New Python 3.0 string formatting - really necessary?

Marc 'BlackJack' Rintsch bj_666 at
Sun Dec 21 17:09:04 CET 2008

On Sun, 21 Dec 2008 15:30:34 +0000, Duncan Booth wrote:

> Marc 'BlackJack' Rintsch <bj_666 at> wrote:
>>> a+b+c+d might execute a.__add__(b,c,d) allowing more efficient string
>>> concatenations or matrix operations, and a%b%c%d might execute as
>>> a.__mod__(b,c,d).
>> But that needs special casing strings and ``%`` in the comiler, because
>> it might not be always safe to do this on arbitrary objects.  Only in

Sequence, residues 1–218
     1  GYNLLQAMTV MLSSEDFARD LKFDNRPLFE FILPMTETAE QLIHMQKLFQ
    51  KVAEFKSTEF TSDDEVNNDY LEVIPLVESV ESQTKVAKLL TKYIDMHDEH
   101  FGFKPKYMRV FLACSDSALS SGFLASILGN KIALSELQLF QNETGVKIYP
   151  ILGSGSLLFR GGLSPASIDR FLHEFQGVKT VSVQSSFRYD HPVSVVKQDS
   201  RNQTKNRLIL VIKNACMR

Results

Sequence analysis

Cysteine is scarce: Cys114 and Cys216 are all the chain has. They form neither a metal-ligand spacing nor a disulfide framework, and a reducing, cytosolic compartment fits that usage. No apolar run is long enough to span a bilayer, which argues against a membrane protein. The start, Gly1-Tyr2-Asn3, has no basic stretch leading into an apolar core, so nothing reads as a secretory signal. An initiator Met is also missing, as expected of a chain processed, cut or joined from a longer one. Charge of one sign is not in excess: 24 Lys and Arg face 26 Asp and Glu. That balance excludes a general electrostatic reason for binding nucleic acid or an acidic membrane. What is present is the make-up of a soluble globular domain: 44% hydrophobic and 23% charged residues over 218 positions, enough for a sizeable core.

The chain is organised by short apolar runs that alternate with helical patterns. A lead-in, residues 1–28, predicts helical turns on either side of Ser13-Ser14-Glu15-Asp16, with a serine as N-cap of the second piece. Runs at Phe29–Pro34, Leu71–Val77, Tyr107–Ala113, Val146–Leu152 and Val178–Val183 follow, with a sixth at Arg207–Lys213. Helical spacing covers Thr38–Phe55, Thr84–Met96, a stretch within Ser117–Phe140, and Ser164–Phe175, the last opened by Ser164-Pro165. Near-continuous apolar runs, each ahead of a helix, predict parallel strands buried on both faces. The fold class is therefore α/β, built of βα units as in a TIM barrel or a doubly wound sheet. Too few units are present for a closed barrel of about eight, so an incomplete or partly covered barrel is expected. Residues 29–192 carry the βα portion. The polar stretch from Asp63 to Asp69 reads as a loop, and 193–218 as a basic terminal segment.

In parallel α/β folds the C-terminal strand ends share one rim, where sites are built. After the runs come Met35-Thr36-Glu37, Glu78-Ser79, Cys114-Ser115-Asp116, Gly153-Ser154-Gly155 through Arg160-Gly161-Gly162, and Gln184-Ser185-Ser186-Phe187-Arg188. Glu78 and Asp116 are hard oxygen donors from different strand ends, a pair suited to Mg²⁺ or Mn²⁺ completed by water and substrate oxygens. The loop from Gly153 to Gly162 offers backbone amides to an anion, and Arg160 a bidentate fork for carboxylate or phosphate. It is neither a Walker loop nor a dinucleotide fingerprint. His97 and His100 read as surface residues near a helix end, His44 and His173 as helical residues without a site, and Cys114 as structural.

>> cases where the type of `a` is known at compile time and ``a % b``
>> returns an object of ``type(a)``.
> I could be wrong, but I don't see that would be the case.
> I think it would be safe (in this hypothetical universe) any time that
> 'a' had a method __mod__ which accepted more than one argument.

And returns an object of ``type(a)`` or at least a "duck type" so that it 
is guaranteed that ``a.__mod__(b, c)`` really has the same semantics as 
``a.__mod__(b).__mod__(c)``.  For arbitrary objects `a`, `b`, and `c` 
that are not known at compile time, how could the compiler decide if it 
is safe to emit code that calls `a.__mod__()` with multiple arguments?

	Marc 'BlackJack' Rintsch

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